Ciara said...

I will set up Word to read the document out loud. I catch so many issues that way. Great points, Lydia!

Richard said...

Like Ciara from Florida, I read my ms out loud when I feel it's getting to the final stages.

Deborah Walker said...

This is a fabulous list. Thanks!

February Grace said...

Amazing post! But I admit that pic with the eyes in the box is freaking me out just a little LOL

xoxo
bru

Miranda Hardy said...

There is so much to know when revising. I know why it would encompass a whole series to teach. Lol

Distance is the best. It also helps to have another's opinion in order to see if the structure needs work.

mooderino said...

I find transferring it to an ereader is often enough to make me look at it differently (and cheaper than prionting it all out one paper).

mood

Jessica R. Patch said...

Looks like you nailed it to me. I do print a hard copy for a first read-through (after letting it sit awhile) and I print it in a bigger, different font to help me spot things better.

Meredith said...

I love your tips and tricks! Printing the MS out always helps me see it with new eyes. And reading it aloud while trying to give the characters different voices helps, too.

conchsaladesque said...

Great list. I'm linking to this in my Writer Wednesday post today.

Munk said...

The list is great... execution is the difficult part.

lbdiamond said...

FANTASTIC TIPS!!!!!!! Sounds like your workshop is going well--congrats!!! :)

Heather said...

Distance is the key to revising indeed! And oh so hard for me. Time away from my manuscript it always torture. ;) Thanks for the tips on revising poetry, these are excellent.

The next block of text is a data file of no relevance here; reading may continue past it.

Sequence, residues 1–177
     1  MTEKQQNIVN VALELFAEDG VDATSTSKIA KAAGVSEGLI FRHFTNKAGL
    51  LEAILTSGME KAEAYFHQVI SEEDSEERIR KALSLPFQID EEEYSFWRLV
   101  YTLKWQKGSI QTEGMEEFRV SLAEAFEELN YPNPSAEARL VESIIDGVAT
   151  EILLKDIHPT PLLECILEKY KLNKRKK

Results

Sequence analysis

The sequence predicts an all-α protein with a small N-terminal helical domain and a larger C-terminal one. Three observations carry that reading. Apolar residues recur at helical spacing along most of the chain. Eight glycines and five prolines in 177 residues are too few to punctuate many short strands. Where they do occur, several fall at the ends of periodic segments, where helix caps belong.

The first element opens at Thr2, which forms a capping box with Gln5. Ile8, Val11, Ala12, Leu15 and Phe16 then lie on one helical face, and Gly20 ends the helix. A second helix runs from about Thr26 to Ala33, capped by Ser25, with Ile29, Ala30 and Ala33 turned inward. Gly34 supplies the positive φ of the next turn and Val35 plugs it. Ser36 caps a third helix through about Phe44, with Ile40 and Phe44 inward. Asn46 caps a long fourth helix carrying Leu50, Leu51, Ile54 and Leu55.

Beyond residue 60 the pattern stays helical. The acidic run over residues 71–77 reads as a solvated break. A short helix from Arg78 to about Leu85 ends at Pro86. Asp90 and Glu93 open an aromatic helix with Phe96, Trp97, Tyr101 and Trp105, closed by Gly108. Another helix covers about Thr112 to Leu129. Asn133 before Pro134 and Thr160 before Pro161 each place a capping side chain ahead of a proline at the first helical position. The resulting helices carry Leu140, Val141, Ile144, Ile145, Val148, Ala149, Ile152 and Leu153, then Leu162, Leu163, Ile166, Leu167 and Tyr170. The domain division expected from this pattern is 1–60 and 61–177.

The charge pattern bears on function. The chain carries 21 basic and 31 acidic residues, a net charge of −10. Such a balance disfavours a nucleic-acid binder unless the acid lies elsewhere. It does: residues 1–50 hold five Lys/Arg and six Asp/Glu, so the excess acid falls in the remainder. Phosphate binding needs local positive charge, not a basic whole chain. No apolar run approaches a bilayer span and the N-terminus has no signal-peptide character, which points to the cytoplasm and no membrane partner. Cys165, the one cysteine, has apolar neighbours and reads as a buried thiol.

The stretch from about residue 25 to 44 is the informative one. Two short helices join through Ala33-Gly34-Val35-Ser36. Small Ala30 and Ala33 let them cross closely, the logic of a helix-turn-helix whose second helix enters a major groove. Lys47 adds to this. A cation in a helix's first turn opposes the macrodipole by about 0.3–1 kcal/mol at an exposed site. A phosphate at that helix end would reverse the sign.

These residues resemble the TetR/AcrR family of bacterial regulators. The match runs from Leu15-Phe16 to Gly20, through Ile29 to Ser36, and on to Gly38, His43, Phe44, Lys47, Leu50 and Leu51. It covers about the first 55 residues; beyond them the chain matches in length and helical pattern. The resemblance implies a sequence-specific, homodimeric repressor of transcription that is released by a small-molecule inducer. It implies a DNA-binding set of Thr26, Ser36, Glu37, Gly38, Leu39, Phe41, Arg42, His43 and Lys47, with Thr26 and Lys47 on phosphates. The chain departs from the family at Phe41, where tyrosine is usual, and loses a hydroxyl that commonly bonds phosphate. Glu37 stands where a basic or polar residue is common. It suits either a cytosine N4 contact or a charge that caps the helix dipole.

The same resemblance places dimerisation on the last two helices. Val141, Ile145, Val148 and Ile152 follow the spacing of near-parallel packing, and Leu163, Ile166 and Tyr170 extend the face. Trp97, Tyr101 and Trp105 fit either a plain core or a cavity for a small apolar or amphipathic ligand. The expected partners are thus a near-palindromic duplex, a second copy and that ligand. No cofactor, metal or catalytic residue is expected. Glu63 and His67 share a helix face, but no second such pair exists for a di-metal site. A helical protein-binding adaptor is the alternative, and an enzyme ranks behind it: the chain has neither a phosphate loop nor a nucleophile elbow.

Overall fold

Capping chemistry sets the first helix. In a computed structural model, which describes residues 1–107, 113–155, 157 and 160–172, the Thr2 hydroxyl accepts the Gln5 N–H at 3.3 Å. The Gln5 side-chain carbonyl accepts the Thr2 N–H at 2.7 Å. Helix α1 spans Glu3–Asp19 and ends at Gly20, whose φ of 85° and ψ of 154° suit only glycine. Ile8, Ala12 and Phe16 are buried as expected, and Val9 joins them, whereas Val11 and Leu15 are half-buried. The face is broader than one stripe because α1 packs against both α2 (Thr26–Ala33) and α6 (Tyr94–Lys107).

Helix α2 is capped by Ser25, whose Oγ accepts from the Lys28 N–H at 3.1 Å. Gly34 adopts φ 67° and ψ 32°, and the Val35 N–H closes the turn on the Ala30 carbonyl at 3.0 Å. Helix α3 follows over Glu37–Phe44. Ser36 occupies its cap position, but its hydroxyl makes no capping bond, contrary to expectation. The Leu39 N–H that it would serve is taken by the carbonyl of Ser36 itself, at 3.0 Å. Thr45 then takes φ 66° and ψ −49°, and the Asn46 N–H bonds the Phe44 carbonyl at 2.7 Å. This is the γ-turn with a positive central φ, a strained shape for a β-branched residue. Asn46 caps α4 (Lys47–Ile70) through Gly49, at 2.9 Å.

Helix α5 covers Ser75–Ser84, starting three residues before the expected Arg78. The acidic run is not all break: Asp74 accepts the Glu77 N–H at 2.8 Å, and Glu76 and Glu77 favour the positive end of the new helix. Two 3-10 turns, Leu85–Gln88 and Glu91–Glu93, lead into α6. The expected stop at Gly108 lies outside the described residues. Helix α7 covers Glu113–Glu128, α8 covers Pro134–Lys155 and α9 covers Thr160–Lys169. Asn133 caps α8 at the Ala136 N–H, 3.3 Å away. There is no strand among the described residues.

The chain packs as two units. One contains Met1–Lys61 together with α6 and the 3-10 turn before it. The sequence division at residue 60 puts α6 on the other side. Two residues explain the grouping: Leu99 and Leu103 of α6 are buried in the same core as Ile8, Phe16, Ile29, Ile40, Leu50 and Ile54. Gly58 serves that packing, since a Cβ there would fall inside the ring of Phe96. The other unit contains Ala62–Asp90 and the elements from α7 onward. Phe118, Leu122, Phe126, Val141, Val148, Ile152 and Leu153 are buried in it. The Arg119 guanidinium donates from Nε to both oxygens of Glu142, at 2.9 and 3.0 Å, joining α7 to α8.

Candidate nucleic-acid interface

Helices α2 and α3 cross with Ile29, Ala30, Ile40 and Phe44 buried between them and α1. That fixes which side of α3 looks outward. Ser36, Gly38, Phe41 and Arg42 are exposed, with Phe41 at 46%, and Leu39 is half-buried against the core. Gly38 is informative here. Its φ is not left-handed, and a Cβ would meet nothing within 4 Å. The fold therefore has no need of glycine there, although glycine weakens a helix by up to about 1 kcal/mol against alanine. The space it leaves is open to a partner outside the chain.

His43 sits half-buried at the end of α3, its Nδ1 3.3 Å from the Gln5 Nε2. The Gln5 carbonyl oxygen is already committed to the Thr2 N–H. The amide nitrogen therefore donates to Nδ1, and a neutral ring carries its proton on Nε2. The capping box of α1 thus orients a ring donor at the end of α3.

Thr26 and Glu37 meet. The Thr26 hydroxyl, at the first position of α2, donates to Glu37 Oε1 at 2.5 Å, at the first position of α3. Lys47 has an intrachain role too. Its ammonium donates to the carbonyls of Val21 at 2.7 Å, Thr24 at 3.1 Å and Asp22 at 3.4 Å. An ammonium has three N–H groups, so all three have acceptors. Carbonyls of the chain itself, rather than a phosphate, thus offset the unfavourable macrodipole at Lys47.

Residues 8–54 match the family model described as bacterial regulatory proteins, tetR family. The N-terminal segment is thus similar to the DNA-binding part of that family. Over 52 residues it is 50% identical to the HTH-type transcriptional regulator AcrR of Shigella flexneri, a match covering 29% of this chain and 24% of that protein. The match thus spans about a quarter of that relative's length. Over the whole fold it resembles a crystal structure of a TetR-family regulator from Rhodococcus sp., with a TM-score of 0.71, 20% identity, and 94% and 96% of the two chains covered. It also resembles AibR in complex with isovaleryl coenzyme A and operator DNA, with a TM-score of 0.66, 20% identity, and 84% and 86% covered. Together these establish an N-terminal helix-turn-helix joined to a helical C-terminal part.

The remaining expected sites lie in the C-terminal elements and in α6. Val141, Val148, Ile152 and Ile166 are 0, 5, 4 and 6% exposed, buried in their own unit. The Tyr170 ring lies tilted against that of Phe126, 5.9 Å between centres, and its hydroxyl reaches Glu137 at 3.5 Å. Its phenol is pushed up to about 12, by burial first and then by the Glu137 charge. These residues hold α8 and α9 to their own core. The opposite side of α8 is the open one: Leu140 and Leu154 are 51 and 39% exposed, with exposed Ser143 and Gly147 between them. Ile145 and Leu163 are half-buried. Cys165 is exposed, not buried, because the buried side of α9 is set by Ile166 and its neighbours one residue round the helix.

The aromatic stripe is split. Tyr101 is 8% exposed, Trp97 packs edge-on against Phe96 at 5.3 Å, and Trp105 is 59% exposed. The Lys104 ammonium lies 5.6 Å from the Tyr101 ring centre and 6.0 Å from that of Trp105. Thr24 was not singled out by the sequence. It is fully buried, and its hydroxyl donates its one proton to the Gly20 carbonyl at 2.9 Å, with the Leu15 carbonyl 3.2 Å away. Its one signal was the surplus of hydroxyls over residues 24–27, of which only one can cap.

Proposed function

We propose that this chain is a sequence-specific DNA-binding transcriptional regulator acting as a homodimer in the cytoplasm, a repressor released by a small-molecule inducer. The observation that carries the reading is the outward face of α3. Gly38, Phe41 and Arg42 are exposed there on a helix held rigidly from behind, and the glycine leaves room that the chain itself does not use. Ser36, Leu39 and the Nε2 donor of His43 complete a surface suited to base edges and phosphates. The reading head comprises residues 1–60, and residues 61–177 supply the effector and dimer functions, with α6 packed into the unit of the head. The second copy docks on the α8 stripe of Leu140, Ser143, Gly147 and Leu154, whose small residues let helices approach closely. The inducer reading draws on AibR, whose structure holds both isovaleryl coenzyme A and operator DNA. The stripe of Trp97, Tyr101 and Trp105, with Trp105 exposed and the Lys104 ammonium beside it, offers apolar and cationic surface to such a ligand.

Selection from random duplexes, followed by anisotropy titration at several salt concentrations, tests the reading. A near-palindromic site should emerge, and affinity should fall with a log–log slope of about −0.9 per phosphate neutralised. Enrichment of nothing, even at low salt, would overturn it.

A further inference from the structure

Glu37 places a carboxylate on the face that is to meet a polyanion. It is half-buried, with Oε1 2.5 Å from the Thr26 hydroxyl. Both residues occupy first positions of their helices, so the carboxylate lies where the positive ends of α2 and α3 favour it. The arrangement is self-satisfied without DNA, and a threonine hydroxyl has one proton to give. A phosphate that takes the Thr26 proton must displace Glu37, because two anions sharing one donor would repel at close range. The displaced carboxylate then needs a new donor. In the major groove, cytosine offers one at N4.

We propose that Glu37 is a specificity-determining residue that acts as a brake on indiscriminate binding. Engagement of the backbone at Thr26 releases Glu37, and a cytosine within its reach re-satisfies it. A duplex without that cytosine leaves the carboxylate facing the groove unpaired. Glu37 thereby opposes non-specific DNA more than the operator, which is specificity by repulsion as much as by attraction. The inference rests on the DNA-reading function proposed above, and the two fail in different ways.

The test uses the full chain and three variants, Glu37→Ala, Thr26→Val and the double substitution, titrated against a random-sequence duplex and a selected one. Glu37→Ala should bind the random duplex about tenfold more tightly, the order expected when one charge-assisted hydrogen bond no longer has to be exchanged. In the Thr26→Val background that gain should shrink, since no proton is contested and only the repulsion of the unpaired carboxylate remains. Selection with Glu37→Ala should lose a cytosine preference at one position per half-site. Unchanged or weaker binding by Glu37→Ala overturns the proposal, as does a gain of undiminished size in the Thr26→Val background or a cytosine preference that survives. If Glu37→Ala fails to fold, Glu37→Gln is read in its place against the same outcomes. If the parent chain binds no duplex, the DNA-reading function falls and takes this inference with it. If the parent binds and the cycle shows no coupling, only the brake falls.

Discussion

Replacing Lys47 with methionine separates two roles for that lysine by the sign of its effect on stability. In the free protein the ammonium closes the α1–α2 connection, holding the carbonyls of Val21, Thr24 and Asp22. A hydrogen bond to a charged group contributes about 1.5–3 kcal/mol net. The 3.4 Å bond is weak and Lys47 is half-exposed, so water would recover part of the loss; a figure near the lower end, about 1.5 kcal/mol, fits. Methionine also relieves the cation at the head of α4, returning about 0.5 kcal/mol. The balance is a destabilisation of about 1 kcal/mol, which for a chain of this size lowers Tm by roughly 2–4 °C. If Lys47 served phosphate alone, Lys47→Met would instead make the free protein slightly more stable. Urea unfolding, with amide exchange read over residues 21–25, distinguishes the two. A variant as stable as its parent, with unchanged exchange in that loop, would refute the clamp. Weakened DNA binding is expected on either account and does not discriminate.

Suze said...

Wow. You really impressed lbdiamond.

I think temporal distance (those two words together seem funny to me) and reading out loud go a really long way -- and you've already mentioned both.

The only thing I might add is don't rewrite the whole damn story. If it's that flawed, just start something new. A tip that is vital for first-time novel writers. Or masochists who write three novels in one go.

Best with your workshops, L.

Carol Riggs said...

Good luck workshopping! And GREAT list here. I really need to do that print-out version, or else change the font on my Word document. Usually I read the ms aloud, and it's amazing how much I find that way. ;o)

Good point to use the senses w/o being overwhelming; I hadn't thought of that!

Karen Lange said...

Great stuff, Lydia! You seem to cover all of the bases. I love the reading aloud tip. I've heard it said that (by Roger Palms, author and editor), "The ear is your best editor."